How do you know if an insect repellent works? You offer your forearm up as a meal. Consumer Reports illustrates the testing nicely. The US Environmental Protection Agency specifies testing requirements in detail. Its approval outlines the duration of effectiveness as well as detailed descriptions of the efficacy and safety evaluations. In Canada, similar regulation rests with the Pest Management Regulatory Agency. When I asked the PMRA by email how a homeopathic remedy could be possibly be approved as an insect repellent, they replied with the following:
Please be advised that, according to the Pest Control Products Regulations (PCPR), pest control products that are used for the control of arthropods on or in humans or animals can be exempted from the Pest Control Products Act (PCPA), and made subject to the Food and Drugs Act (FDA), if the control product is to be administered directly and not by topical application. If the action of the product is not due to the simple presence of the active ingredient on the skin (the intent of topical application under the PCPA) but rather that the active ingredient has to be absorbed first before it can exert its effect, this is not considered to be a topical mode of action. This would be the case for mosquito repellent patch products. Even though the patch is to be applied to the surface of the skin, the PMRA does not register any pesticide that’s to be taken orally. Based on this systemic mode of action, as per a previous agreement between PMRA and Health Products and Food Branch (HPFB), the type of product you describe in your email would fall under the jurisdiction of HPFB.
Is there a facepalm emoticon? There is no “systemic mode of action” that has been demonstrated for homeopathy. There is no evidence that any oral products are effective as insect repellents. In the United States, a product like Mozi-Q which lacks published evidence of efficacy would not likely be permitted, (homeopathy or not) as there is a federal regulation on oral insect repellents in place, which notes:
Labeling claims for OTC orally administered insect repellent drug products are either false, misleading, or unsupported by scientific data.
Any OTC drug product that is labeled, represented, or promoted for oral use as an insect repellent is regarded as a new drug within the meaning of section 201(p) of the Federal Food, Drug and Cosmetic Act for which an approved new drug application under section 505 of the act and part 314 of this chapter is required for marketing. In the absence of an approved new drug application, such product is also misbranded under section 502 of the act.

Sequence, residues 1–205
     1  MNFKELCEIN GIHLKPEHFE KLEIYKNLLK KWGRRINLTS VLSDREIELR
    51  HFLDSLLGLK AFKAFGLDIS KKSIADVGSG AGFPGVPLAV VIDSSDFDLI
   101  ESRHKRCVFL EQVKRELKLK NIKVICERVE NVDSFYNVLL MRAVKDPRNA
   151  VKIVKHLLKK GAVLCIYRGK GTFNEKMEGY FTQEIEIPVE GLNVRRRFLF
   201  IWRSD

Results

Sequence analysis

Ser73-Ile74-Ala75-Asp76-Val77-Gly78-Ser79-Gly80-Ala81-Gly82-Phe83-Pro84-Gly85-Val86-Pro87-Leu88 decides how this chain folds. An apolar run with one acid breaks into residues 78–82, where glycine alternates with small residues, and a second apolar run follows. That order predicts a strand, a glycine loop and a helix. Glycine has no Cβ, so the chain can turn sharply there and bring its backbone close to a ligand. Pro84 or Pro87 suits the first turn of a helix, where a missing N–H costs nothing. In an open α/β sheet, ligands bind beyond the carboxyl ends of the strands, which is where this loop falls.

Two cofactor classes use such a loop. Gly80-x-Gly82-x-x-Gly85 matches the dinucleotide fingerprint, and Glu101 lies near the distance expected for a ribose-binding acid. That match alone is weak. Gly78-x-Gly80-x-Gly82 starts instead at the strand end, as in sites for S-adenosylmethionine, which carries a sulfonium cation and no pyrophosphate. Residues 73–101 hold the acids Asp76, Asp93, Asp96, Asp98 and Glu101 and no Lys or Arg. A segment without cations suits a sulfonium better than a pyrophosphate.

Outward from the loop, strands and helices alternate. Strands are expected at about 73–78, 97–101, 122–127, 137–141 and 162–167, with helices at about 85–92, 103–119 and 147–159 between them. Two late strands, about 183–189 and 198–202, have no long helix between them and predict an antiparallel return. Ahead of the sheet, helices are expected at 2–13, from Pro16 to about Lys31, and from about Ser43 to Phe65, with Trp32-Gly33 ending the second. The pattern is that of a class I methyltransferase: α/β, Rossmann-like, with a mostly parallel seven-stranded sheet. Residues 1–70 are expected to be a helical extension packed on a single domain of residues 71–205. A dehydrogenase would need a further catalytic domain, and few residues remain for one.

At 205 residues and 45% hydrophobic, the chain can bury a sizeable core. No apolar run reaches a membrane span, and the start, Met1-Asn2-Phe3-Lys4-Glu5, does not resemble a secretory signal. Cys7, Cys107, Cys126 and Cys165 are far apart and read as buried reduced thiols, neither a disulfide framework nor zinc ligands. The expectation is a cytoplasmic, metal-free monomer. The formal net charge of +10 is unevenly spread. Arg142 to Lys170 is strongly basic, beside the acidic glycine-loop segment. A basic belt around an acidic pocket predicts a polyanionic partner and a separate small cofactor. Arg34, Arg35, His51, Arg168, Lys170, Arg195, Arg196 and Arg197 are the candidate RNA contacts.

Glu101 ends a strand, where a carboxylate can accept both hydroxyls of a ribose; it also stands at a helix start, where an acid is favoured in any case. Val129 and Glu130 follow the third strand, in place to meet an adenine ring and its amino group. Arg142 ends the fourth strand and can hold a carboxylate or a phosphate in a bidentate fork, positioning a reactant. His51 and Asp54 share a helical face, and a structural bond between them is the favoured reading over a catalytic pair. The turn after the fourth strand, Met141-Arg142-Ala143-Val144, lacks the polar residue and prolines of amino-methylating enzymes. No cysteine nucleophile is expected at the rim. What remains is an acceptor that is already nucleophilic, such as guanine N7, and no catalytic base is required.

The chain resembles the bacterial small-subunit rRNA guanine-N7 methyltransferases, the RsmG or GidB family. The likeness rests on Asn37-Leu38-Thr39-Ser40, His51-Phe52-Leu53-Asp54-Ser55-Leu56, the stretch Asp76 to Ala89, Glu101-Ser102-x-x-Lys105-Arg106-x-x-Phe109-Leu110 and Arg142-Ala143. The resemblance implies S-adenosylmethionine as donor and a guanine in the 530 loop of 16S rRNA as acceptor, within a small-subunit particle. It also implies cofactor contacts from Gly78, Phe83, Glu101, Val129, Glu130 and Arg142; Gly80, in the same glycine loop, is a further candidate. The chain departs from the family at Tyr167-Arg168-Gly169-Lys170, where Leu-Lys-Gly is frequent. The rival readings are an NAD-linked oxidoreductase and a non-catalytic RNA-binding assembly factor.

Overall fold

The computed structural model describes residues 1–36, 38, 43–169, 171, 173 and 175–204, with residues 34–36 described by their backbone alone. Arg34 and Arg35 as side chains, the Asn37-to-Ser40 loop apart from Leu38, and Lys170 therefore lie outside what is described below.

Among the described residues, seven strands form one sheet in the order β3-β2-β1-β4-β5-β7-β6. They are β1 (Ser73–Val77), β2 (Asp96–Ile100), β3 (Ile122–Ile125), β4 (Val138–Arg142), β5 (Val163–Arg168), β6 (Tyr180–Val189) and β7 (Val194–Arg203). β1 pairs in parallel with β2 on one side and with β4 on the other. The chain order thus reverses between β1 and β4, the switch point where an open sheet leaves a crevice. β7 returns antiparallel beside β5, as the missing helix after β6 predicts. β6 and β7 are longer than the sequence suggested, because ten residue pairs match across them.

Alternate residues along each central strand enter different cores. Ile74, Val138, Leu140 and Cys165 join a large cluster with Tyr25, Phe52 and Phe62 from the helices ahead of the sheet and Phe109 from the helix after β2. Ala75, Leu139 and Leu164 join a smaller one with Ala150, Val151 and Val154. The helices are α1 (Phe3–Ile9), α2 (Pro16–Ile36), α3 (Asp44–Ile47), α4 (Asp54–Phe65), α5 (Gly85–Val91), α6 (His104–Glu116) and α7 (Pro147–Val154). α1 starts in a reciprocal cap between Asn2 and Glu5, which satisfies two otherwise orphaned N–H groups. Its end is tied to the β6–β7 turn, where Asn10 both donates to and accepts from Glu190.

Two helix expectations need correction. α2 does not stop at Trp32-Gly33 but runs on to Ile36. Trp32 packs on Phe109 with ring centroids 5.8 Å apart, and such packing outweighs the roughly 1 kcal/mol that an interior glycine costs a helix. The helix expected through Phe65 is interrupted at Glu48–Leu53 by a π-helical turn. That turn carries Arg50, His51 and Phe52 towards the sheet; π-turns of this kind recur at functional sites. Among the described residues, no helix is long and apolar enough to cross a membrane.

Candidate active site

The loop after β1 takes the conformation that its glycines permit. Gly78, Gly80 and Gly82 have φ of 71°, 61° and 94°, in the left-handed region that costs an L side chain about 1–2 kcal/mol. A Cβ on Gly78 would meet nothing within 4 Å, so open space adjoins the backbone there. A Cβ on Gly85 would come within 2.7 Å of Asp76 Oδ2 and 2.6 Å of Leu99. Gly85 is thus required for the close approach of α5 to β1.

Clinical investigations designed to obtain evidence that any drug product labeled, represented, or promoted OTC for oral use as an insect repellent is safe and effective for the purpose intended must comply with the requirements and procedures governing the use of investigational new drugs set forth in part 312 of this chapter.
Yet these products are being deliberately exempted from testing in Canada, and Health Canada is approving them in the absence of any published evidence to demonstrate they work.
When Health Canada removes scientific barriers to product approvals, we should not be surprised by what emerges. Homeopathic insect repellent that has been deemed “safe and effective” provides yet another example of consequences of regulating homeopathy. Consumers who rely on regulators to test and approve products don’t care how a product is licensed – they want assurance that it works. Because while insect bites can be a nuisance, they can also be deadly. Who will be responsible if a consumer contracts a insect-borne disease if they use homeopathy instead of effective insect repellents: The manufacturer, or the regulator? In the absence of adequate regulation, the science in this case is very clear: if you want to reduce your risk of insect bites and their consequences, use real insect repellents — not homeopathy.